Posts by: Dave Elliott

Renewable Impacts

By Dave Elliott

It has been an eventful year for renewables. While progress continues apace, with renewables now supplying around 15% of electricity in the UK and 22% of global electricity, in this pre- Xmas post, rather than spelling out all the good news, I will look at some of the less good stories from the year- concerning wind power and CSP. (more…)

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WREC in London

By Dave Elliott

Some continue to portray renewables as marginal, with for example, ExxonMobil claiming that their potential is limited by ‘scalability, geographic dispersion,intermittency (in the case of solar and wind), and cost relative to other sources’, and renewables are only likely to make up about 5% of the global energy mix by 2040: www.ft.com/cms/s/0/5a2356a4-f58e-11e3-afd3-00144feabdc0.html?siteedition=uk#axzz33albsQ2B

Most however see renewables as booming, with IRENA looking to 30% or more of primary energy coming from renewables globally by 2030 (www.irena.org/remap). That is the sort of future envisaged, on the way to maybe near 100% of power by 2050, by most who attended the 13th biannual World Renewable Energy Congress, this one at Kingston University, London, in August.

(more…)

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Balancing variable renewables

By Dave Elliott

There is now a range of books looking at the technical and policy options available for managing the use of variable energy resources such as wind and solar energy. The pioneering text in this area was Earthscan’s “Renewable Electricity and the Grid” from 2007, edited by Godfrey Boyle , with contributions from many of the UK top experts. But the field has since expanded with, for example, a lot of new work being done in the US. (more…)

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Distributed energy: from supply to demand

By Dave Elliott

Energy networks and distributed energy resources in Great Britain”

The context for this IGov paper from Matthew Lockwood at Exeter University, UK, is the desirability of a fundamental shift in the underlying design of the energy system from the supply side to the demand side. It starts by quoting the words of Professor Strbac ‘The whole culture and philosophy of the system is based on a predict-and-provide mentality’. (more…)

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More green jobs – or better jobs?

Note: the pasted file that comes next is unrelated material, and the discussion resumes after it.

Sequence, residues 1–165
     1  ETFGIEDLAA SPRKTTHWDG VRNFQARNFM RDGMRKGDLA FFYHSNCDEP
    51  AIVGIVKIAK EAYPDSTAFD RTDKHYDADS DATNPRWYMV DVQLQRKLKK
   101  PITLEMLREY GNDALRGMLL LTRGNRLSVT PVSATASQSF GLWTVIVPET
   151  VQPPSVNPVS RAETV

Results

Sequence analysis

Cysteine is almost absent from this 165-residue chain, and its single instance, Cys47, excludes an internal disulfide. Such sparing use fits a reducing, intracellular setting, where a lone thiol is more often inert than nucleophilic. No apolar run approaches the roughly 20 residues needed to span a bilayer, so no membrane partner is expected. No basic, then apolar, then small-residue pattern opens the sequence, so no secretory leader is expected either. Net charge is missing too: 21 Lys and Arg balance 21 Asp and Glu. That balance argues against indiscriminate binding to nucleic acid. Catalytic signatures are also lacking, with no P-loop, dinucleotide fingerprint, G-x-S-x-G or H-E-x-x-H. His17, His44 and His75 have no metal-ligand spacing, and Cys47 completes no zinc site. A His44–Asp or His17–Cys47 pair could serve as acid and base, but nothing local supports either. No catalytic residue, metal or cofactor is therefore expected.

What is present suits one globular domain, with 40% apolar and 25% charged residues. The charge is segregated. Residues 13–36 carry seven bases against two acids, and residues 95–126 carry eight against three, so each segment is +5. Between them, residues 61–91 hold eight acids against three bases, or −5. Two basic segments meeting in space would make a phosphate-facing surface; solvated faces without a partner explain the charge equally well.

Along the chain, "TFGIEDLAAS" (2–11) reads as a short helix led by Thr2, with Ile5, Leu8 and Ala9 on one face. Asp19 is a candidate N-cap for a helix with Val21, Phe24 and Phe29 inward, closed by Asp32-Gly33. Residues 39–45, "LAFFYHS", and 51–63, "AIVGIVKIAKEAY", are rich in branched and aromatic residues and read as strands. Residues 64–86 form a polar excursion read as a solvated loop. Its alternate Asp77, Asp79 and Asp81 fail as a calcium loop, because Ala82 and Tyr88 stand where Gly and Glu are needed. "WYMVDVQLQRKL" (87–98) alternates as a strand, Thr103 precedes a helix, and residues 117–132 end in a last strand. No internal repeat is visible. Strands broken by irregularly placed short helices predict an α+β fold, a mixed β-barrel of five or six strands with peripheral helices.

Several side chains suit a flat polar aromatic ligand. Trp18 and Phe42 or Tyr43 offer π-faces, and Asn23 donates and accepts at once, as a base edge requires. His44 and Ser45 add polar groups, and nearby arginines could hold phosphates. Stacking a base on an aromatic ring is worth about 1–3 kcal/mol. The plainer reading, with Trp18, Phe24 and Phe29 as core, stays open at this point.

By Dave Elliott

Green sector employment accounts for as many as 3.4 million jobs in the EU, or 1.7% of all paid employment, more than car manufacturing or pharmaceuticals. Will that expand?

A new UKERC report, “Low Carbon Jobs”, asks if policy-driven expansion of green energy actually creates jobs, taking account both of jobs created and jobs displaced, particularly when the policies in question require subsidies that are paid for through consumer bills or taxes. www.ukerc.ac.uk/support/Low+Carbon+Jobs

(more…)

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Power out: keeping the lights on

By Dave Elliott

There is still large reserve capacity, but with some large old power plants closing, like the Didcot ‘A’ coal plant, the UK has found it a bit more challenging to meet demand when there are unexpected plant outages and cold weather. So will we make it through this winter? (more…)

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Green jobs 2

By Dave Elliott

It is claimed that a transition to green energy would create a lot of employment. As I noted in my previous post, there are methodological difficulties facing those trying to make realistic estimates, but economists do produce estimates of employment creation for various investments and the net job impacts. (more…)

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Green Jobs 1

By Dave Elliott

It is claimed that a transition to a green energy system would create a lot of employment, and possibly better employment and job security – sustainable green jobs. If true, that claim offers a powerful political argument for the change at a time when employment is threatened by recession and by new patterns of global economic competition. But is that really what is on offer? (more…)

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Vehicle to grid balancing

By Dave Elliott

The vehicle to grid (V2G) debate continues, offering a way to balance variable renewables and also demand peaks, by using the batteries of electric vehicles, linked to the grid when parked at home, to store excess power during low demand periods, ready to export when demand is high and renewables low. It sounds a clever idea but in addition to economic issues (e.g. the extra costs of the home-based power uploading system) it opens up some interesting logistical issues. (more…)

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Water, energy and other resources

By Dave Elliott

Energy resources aren’t the only thing we are running short of. Water resources could be the next big issue. And conventional energy systems have a big impact on that and will be affected by water scarcity. All thermal/steam raising energy systems need cooling, and maintaining access to water is likely to become a major problem for fossil and nuclear plants as climate change impacts: http://www.worldenergy.org/news-and-media/news/climate-change-implications-for-the-energy-sector-key-findings-from-the-ipcc-ar5/ (more…)

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